A Guide to Renting Out a Vacation Property

Vacation property is a house or any other type of property that you can use for vacations. Normally, this is something reserved for you and your loved ones. But if you can't use your vacation property this particular season, that doesn't mean the property should go to waste. Renting it out will allow you to earn some extra income while the tenants get to enjoy a pleasant vacation. While the process does have a few wrinkles, you can make it enjoyable for everyone involved if you take a few simple steps.

Figure Out Your Rent Duration

Figure out for how long you want to rent out your vacation property. With vacation properties, you get a little more flexibility than you would with ordinary residential rental properties. You can rent out on daily, weekly, monthly and/or seasonal bases (or any combination thereof). You should make sure that the lease clearly states how long each tenant is staying and whether your tenants can extend their stay. Keep in mind that, unlike conventional residential rental properties, vacation homes don't offer steady long-term income, and plan your budget accordingly.

Figure Out Your Rental Rates

Once you have figured out the rent duration, you should figure out how much you will charge for each period. You should try to stay within the price range of similar vacation property rentals in the surrounding area. You can figure it out by browsing local classifieds, either in local newspapers or on the Internet. You may also want to look at networking sites such as Craigslist.

Set Your Rental Policies

Once you have figured out how much you will charge in rent, you should put together a document outlining the rental policies. It doesn't have to be a lease in a classic sense, but it should be comprehensive. You should include maximum occupancy requirements, conditions under which you may issue refunds, and cancellation procedures. You may also want to touch on whether you allow pets and your policy on smoking. You and your tenant will sign this set of policies to make it legally binding--otherwise, it's essentially unenforceable.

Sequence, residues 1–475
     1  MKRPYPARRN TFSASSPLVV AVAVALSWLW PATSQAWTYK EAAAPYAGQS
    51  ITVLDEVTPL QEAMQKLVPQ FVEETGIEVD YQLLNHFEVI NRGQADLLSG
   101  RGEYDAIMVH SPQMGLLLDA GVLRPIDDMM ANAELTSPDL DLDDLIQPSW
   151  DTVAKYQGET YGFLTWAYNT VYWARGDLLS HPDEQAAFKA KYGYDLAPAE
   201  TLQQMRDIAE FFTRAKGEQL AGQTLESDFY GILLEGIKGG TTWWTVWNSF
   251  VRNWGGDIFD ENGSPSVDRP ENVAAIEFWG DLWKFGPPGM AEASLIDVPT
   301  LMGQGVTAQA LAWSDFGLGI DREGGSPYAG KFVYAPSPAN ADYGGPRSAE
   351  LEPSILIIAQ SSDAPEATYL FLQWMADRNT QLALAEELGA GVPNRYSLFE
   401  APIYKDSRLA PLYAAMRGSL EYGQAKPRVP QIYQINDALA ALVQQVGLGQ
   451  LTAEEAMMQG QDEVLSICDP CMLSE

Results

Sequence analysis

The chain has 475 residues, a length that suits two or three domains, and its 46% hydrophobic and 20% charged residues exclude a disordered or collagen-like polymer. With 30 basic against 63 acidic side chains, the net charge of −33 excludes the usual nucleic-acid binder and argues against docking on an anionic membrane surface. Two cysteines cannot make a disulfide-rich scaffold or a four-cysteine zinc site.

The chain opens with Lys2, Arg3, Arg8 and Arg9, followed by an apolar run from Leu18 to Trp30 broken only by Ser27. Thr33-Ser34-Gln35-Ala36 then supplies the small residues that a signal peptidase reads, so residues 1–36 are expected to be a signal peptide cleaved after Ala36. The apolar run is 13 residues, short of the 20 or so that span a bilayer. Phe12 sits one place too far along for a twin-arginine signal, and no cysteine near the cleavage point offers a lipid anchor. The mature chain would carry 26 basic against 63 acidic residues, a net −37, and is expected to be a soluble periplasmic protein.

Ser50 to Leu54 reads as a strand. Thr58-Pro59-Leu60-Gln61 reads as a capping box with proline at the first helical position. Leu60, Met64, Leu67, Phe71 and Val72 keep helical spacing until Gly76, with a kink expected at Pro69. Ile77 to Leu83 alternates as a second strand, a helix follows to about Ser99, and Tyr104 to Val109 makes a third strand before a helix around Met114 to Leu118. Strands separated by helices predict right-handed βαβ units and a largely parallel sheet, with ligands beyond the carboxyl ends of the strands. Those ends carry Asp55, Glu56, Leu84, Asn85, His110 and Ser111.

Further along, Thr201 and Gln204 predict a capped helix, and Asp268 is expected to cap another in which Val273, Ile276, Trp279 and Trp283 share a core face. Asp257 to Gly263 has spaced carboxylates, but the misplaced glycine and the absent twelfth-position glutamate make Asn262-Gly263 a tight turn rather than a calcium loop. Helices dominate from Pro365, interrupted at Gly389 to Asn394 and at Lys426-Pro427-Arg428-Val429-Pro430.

Be Ready to Deal with Damage

As a landlord, you are responsible for repairing any damage to your vacation property. If the property is remote from where you live, you may not be able to get there in a timely manner. That is why you should research local carpenters, power companies, utility providers and other services ahead of time. That way, you'll be able to start getting the problem fixed as soon as you hear about the damage.

Write a Classified Rental Ad

Once the above steps are completed, you should write an ad that you will use to attract customers. It should include a brief description of your property (including general location),  the available dates, rental rates, what kind of deposit you are asking for and contact information. If possible, try to mention local amenities such as beaches, parks and recreational centers. If you plan on advertising online, be sure to take a picture of the exterior and at least one shot of the interiors. 

Get the Word Out

Once you have drafted your ad, post it in the places where you found other ads. You may also want to consider taking out ads in your regular area of residence. That way, you will have a better shot of attracting the vacationers. You should also consult the chamber of commerce of the area where your vacation property is located. They might be willing to provide tourists and prospective renters with listings of local rental properties.

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